My teaching interests are in the instruction of human-centered computing methodologies for the design, development and evaluation of interactive systems. These include the following:

  1. Human Computer Interaction: Theory and Methodology applied to the contexts of mobile, physical, social, or online computing.
  2. Experiential Media: Media Capture, Composition and Reuse; Personal media and reflective systems; Designing for Experience; Experiential Media Systems Design.
  3. Creative Problem Solving: Foundations in Making, ‘Hacking’, Computational Creativity, and Rapid Prototyping.

How to Build a Physical Digital System

Fall 2011, Fall 2012

How to Build a Digital-Physical System is an introductory, hands-on course where students explore the creation of creating physical digital systems without any knowledge of programming, electronics or systems. Students move through the iterative process of designing interactive physical systems through a series of six closely coordinated modules. Students are initially introduced to physical, tangible, wearable, and ambient interactive technologies; learn about the materiality and nature of objects through topics such as material culture, and later become versed with methods, tools and techniques for gathering requirements, ideation and concept design development, low-fidelity prototyping, and the implementation and production of hybrid object. In tandem with this, core skills required to build physical-digital technology are provided through instructor led tutorials with Arduino and rapid fabrication techniques.

Some examples of student outcomes can be found at:

More information may be found at: http://physdig.wikispaces.asu.edu.

Media Synthesis

Spring 2012, co-taught with David Tinapple

Media synthesis engages students in computational creativity with multimodal digital data. Balancing theory and practical application, students are progressively introduced to contemporary topics in the collection, analysis and synthesis of media through relevant academic work, computational tools and techniques, and applied explorations of real world datasets. Students are introduced to means by which to collect and access relevant data; the tools, techniques and understandings required for its analysis and processing; and finally strategies and visual languages for its aggregation, composition and synthesis into new forms. Covering both media and arts applications, it introduces a variety of topics including generative art, visualization, summarization, feature extraction, signal processing, and multimodal content analysis. More information may be fo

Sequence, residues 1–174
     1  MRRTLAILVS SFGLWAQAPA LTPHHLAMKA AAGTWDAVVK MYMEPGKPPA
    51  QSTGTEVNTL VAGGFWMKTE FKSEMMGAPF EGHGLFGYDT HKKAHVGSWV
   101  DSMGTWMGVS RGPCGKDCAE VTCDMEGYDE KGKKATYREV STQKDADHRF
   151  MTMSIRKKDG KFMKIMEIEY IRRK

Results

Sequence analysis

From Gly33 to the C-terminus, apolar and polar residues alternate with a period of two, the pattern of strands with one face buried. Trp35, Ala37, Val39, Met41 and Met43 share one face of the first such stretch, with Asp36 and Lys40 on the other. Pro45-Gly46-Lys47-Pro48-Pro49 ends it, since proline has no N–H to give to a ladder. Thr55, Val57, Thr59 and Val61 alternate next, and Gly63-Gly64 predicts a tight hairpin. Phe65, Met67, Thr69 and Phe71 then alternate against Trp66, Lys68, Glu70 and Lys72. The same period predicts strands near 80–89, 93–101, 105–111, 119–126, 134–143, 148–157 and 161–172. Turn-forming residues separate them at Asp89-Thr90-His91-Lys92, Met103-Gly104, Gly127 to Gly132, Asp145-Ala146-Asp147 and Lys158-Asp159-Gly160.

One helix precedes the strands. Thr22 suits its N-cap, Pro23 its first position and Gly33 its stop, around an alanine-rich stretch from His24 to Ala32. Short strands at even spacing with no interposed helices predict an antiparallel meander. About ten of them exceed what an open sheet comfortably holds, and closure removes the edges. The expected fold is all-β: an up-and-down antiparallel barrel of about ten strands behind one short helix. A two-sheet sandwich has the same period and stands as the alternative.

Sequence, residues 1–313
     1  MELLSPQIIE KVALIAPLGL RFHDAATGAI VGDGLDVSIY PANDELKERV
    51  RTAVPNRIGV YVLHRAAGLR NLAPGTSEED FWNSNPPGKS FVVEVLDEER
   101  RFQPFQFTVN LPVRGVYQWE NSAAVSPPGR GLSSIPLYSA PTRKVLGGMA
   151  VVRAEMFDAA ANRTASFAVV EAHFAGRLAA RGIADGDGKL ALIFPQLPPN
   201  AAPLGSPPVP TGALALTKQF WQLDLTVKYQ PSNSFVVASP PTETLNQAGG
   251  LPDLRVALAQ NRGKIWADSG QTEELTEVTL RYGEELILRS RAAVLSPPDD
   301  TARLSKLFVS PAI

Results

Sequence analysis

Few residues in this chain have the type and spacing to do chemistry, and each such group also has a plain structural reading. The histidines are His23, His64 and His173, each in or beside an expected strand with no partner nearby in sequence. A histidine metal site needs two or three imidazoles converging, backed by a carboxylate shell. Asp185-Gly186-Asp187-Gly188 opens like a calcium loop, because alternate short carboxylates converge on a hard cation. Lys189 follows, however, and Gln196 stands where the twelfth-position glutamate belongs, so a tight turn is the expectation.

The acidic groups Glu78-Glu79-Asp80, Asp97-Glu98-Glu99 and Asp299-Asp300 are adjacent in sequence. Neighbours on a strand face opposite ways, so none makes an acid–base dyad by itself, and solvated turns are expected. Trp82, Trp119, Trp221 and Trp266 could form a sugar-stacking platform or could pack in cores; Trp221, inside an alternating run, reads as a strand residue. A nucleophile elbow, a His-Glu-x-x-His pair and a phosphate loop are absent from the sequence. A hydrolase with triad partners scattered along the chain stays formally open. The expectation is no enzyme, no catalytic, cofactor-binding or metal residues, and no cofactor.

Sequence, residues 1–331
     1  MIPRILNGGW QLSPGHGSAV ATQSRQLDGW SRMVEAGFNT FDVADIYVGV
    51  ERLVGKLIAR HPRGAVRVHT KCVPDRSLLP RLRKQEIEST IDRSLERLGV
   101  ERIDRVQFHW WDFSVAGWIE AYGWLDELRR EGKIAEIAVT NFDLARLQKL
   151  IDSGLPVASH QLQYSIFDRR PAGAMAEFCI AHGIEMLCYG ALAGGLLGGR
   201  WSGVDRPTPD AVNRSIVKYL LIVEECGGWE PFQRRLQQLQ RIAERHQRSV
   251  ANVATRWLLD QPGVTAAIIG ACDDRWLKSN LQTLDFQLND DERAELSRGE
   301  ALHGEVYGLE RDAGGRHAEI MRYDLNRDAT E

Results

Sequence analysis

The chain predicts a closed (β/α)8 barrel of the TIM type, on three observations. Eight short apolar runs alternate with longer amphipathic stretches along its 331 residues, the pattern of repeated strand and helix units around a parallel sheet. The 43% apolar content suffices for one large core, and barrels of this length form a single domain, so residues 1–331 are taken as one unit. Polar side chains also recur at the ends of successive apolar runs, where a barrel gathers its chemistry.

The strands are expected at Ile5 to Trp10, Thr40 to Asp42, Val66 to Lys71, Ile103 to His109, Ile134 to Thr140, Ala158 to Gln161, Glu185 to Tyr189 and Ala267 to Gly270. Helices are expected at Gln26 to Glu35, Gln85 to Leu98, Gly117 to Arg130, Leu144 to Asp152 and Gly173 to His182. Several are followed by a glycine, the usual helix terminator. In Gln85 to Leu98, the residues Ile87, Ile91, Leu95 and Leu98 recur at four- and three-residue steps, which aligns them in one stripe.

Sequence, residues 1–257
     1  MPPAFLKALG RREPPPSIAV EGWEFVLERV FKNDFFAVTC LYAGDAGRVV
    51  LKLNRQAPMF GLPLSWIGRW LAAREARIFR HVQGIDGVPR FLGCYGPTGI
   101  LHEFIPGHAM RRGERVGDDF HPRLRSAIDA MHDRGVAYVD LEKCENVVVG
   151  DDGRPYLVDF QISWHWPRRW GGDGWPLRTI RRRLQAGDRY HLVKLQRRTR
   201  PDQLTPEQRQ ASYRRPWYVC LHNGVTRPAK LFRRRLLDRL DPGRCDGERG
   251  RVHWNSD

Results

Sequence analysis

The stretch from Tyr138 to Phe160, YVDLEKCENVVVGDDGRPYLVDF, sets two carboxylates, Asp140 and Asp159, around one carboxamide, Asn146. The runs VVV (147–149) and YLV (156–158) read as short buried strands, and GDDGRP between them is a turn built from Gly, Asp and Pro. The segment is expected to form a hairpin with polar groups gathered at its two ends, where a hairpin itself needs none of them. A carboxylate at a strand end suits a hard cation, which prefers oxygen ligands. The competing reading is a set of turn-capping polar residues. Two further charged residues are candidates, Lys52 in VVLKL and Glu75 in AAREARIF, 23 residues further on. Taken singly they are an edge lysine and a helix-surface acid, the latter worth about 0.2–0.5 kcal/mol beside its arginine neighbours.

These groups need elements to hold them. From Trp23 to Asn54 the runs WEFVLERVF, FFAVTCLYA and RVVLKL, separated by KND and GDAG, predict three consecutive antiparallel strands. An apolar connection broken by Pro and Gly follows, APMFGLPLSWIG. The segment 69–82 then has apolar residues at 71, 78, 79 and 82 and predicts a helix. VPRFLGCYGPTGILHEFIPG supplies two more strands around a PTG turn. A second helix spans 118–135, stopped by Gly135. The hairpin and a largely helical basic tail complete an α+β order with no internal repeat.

Some examples of student outcomes can be found at:

More information may be found at: http://mediasynthesis.wikispaces.asu.edu.

Module Based Teaching

Modules taught on various courses between 2008-2010

  1. Human Computer Interaction (CA243, DCU, Dublin) - 2010: Three 3-hour lectures for the 2nd year undergraduate course on HCI, taught by my advisor Dr. Gareth Jones, were developed to cover: designing the user interface (UI); the history of UIs; contemporary trends and user centered design; case studies of user evaluation; and an introduction to task analysis.
  2. Digital Worlds (CA168, DCU, Dublin) - 2008, 2009: This course, lead by Dr. Cathal Gurrin, provided to 1st year undergraduate students, was designed to overview contemporary topics in computing. Three seminar lectures were developed, namely ‘An Introduction to Human Computer Interaction’, ‘Social Networking: Web 2.0 and Human Dynamics’ and ‘Computer Games: A Brief Introduction.’

Guest Lectures and Seminars

  • 15 Nov 2012 - HCI & Experience Capture: Designing Lifelogging Tools.
    School of Arts, Media + Engineering, Arizona State University, Delivered to the Intro to Digital Culture (AME 198) class.

  • 19 Oct 2009 - The SenseCam & Augmented Extended Lifelogs.
    School of Arts, Media + Engineering, Arizona State University, Delivered to Media Theory (AME 598).

  • 13 April 2009 - Lifelogs and Storytelling
    School of Arts, Media + Engineering, Arizona State University, Delivered to the Design for Healing class.

  • 21 Nov 2008 - Introduction To Social Networking, Web 2.0 and Human Dynamics
    School of Computer Science, University College Dublin, Delivered to Web Multimedia: An Overview (COMP20030)